As the group made its transition from north of the border to the NBA TV Studios in Georgia, they kept their connections to fans via social and also had a new and unique way of doing it thanks to their new home. Their set at Turner Studios is covered in basketball memorabilia. Where’d it come from? You guessed it, many of the items were actually donated from fans of the show thanks to the power of social.

“Every year at the beginning of the season, we kind of ask for the stuff that people don’t want in their houses anymore,” Kerby said. “We’ve got a ton of stuff here on the set. Memorabilia from fans and our own stuff growing up, and just stuff that has kind of been left over. One of my favorite things that ever happened was one of our fans caught Brad Miller’s armband years and years ago. He’s like my favorite random NBA player. So they mailed it in and now we have a game-worn Brad Miller armband somewhere around here. Pretty crazy. I’d never seen one in person before, and now we own one.”

So what’s the next logical step after you’ve conquered podcasting and television thanks in part to social media? Launching a show that airs exclusively on a social platform. That’s exactly what the guys did at the start of last season launching The Starters Twitter Show that airs live once a week. Just because they were pros on the platform doesn’t mean the show didn’t come with its challenges.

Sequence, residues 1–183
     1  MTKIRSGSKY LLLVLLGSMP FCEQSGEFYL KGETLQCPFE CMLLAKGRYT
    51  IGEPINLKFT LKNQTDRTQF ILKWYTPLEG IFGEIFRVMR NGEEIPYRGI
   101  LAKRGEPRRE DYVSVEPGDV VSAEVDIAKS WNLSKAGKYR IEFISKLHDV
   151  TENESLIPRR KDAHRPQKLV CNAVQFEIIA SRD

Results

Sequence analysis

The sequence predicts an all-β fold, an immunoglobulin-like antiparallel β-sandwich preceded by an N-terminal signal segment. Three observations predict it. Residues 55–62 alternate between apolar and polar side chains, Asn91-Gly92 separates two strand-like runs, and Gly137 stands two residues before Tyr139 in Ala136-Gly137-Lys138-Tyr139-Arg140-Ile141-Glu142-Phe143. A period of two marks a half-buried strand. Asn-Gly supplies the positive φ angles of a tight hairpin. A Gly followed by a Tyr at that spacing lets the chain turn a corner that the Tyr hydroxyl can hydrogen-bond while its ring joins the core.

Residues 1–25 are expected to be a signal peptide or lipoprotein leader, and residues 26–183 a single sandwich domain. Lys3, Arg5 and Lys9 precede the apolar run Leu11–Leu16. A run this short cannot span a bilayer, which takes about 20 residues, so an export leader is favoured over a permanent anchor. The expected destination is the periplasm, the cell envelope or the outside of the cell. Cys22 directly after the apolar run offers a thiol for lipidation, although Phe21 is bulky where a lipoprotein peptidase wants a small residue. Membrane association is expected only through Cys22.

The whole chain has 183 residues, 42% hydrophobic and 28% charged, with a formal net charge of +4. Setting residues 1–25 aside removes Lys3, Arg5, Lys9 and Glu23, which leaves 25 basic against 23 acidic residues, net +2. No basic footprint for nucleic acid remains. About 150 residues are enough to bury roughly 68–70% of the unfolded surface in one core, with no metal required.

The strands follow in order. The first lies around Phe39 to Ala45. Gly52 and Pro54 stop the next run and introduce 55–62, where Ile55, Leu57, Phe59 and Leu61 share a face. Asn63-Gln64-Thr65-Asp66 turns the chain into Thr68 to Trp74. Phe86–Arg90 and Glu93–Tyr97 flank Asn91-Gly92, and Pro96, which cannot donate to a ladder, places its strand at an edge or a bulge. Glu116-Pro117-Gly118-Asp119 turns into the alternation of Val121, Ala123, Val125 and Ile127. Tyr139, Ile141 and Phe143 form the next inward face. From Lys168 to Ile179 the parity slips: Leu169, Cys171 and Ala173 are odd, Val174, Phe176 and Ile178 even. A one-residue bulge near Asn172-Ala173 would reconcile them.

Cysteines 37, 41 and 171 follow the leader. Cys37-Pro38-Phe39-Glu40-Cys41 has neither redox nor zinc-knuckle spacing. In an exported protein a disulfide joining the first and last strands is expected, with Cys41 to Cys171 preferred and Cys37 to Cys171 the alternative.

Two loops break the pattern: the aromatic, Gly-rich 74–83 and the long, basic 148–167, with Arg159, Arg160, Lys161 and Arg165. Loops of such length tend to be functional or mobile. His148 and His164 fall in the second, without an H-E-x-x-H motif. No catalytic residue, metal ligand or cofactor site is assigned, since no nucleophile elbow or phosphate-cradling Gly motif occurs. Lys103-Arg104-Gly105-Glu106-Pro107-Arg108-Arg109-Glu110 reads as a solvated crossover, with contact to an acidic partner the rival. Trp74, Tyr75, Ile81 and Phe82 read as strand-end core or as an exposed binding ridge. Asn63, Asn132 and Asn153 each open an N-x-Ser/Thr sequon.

“Well we had screwed up before, thinking that we could make a television show and integrate our podcast into it as well, Melas said of building a seventh weekly show. “So, we realized that you have to make each sort of platform unique, make a show unique to that platform, and we understand a podcast is a podcast and we try and include visual elements into the Twitter Show, but still keeping it sort of better for the ears in audio form. We’ve learned from experience, by screwing up before.”

What can happen when you put fans first in sports and include them in the process? Something truly special. Just ask The Starters. They’ve built an entire thriving career off of it.